Qatar offered EU lawmakers luxury gifts and free World Cup tickets as it tried to polish its image on human rights, politicians say

Qataris gather at the capital Doha's traditional Souq Waqif market as the official logo of the FIFA World Cup Qatar 2022 is projected on the front of a building on September 3, 2019.
Qatari officials reportedly offered European lawmakers gifts in the run-up to the 2022 FIFA World Cup.
AFP/Getty Images

Free tickets, fully paid trips overseas, and other valuable goods were reportedly offered to European politicians by Qatar ahead of the World Cup, as the Gulf state tried to persuade lawmakers to relax their language on the country’s human rights record.

As Qatar sought to improve its public image, the country’s officials in Brussels approached EU lawmakers with offers of lavish gifts, the Financial Times reported on Tuesday.

Five Members of the European Parliament (MEPs) from three different political groups told the newspaper that invitations to dinner, as well as promises of free trips and tournament tickets, were extended to them and their colleagues by the Qatari representatives after the start of the 2019 parliamentary term.

The strategy continued into the run-up to the World Cup, which began in November, with MEPs from center-right, liberal, and center-left political groups reportedly saying they were approached by Qatari officials via the Qatar–EU Parliamentary Friendship Group, which liaises with Qatar’s embassy.

“It was a systemic way of approaching Brussels lawmakers with a view to improving the country’s reputation and making sure we would not take a hard stance against the country in terms of civil and social rights,” one MEP told the FT on the condition of anonymity. He said he never accepted any invitations.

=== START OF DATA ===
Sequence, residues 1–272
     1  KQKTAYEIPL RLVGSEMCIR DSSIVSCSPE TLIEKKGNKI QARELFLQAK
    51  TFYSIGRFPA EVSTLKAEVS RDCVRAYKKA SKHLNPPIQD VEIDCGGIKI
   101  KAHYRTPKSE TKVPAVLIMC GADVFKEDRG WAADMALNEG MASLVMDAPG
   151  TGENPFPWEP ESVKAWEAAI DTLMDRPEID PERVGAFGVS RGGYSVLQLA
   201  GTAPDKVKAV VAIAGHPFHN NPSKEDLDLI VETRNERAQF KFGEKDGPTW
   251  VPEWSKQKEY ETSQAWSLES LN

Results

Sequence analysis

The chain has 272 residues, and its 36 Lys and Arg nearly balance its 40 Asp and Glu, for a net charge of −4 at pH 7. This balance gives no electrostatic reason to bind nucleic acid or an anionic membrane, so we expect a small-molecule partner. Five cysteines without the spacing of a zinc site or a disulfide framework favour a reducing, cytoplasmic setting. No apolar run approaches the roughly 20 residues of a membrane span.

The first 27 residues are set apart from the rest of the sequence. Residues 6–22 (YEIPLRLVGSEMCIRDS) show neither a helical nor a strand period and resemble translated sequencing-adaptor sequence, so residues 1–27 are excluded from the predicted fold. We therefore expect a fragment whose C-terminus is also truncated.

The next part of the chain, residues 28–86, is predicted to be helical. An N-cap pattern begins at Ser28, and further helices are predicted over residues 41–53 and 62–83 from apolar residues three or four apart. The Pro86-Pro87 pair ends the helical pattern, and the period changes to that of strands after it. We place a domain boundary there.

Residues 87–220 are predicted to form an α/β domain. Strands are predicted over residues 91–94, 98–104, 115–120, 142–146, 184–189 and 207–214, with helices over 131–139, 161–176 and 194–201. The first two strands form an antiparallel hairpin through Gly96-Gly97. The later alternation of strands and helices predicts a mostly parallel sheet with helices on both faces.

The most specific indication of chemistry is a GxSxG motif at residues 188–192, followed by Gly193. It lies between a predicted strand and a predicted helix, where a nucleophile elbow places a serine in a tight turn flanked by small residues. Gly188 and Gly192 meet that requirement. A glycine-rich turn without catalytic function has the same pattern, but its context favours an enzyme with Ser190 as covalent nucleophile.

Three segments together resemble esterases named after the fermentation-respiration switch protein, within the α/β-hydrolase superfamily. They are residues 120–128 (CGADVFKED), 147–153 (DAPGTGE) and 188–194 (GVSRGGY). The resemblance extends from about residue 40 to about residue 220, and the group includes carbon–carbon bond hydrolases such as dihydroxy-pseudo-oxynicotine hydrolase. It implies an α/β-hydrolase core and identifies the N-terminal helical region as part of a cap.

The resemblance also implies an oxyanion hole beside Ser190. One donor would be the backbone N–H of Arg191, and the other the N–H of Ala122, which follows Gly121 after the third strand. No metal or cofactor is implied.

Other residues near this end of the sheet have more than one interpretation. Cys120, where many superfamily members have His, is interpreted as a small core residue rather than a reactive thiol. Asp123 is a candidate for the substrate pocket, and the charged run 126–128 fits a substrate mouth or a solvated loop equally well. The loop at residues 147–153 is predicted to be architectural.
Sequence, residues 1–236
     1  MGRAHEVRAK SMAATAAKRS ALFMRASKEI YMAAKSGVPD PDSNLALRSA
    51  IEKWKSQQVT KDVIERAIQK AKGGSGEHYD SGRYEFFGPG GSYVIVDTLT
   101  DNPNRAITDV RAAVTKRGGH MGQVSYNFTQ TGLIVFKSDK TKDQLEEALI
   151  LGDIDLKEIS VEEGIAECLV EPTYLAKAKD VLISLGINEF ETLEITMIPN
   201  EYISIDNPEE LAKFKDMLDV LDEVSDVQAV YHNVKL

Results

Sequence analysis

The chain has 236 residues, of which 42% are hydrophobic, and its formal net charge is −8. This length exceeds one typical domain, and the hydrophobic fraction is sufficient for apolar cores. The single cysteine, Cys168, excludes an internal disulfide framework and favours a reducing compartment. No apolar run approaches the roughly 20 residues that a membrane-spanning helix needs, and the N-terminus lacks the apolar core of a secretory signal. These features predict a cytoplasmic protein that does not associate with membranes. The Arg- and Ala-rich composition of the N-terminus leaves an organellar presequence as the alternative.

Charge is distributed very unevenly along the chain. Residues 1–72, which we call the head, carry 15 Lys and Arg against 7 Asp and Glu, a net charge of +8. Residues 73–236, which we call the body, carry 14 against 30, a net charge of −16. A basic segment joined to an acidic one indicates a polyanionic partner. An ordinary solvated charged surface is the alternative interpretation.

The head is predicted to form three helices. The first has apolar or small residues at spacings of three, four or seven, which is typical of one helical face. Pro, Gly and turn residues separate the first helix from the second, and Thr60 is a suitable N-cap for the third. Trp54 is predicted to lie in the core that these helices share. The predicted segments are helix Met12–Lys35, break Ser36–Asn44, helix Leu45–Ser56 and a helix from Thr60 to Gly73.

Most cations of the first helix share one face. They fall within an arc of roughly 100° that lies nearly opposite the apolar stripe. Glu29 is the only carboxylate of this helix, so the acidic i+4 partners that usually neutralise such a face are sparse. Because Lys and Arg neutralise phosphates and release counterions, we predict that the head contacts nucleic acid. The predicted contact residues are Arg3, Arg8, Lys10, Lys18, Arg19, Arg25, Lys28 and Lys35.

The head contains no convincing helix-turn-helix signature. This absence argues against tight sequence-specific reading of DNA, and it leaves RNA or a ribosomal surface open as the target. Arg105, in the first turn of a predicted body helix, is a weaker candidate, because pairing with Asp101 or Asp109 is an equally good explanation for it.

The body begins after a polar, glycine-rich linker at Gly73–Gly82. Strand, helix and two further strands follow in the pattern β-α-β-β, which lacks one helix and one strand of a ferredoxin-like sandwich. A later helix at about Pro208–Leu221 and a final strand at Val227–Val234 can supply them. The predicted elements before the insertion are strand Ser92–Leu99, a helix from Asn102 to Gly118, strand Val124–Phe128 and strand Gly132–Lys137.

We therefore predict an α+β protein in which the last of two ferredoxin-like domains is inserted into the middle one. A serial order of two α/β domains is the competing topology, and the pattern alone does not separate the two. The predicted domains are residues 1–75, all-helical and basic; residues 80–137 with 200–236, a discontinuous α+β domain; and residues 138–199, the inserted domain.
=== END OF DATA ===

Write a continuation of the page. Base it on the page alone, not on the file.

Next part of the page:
Controversy around Qatar

Qatar’s hosting of the 2022 soccer World Cup has been a source of international controversy, with many calling out the sport’s governing body, FIFA, for allowing the tournament to take place in a country with such a poor human rights record.

Thousands of migrant workers who worked on infrastructure projects for the World Cup are reported to have died in Qatar since the country was awarded hosting duties, while Qatar’s laws on LGBTQ rights, women’s rights, and capital punishment have also been at the center of the debate.

The FT’s report comes after Belgian investigators charged four people in a probe into suspected money laundering and corruption at the European Parliament, involving bribery by a Gulf state thought to be Qatar.

European Parliament Vice President and Greek MEP Eva Kaili was among those arrested when cash worth more than $630,000 was seized by authorities on Friday.  

Italian MEP Dino Giarrusso said on Wednesday that he resigned from the Qatar–EU Parliamentary Friendship Group in 2019, shortly after it was set up, because he “realized that the engagement was not normal.”

“They wanted to convince lawmakers there was no exploitation of workers [in Qatar],” he told the FT.

Giarrusso added that he was skeptical about the European Parliament’s joint resolution on human rights in Qatar in relation to the World Cup, which was agreed upon by MEPs last month. He argued it was “an extremely watered-down version of what it could have been” and described the document as “very strange.”

‘Qatar was buying up European influence’

The resolution is reported to have caused division among MEPs, with some reluctant to support any condemnation of Qatar’s human rights record.

In a statement on Monday, French MEP Manon Aubry said she was “left stunned” when she received a proposed draft version of the resolution, saying it “repeatedly congratulated Qatar on its ‘considerable efforts’ in promoting human rights.”

She argued that negotiations and speeches regarding the resolution “left anyone watching in little doubt that Qatar was buying up European influence.”

“In the negotiations I was able to make some progress on the text as long as it didn’t mention Qatar,” she said. “A compensation fund for the victims supplemented by FIFA was okay; a clear statement on the responsibilities of Qatar was out of the question.”

“Out of hundreds of EU lawmakers, straight condemnations of Qatar’s management of the FIFA World Cup were very few,” Giarrusso told the FT this week.

Another lawmaker, Green MEP Hannah Neumann—who chairs the EU’s delegation for relations with the Arab peninsula—told the FT that some embassies make aggressive attempts to influence European decisions. She added that it was “quite obvious” some of her colleagues with alternative political leanings had “a strong pro-Qatari agenda.”

Spokespeople for the European Parliament, the European Commission, and the Qatari government did not respond to Fortune’s requests for comment.

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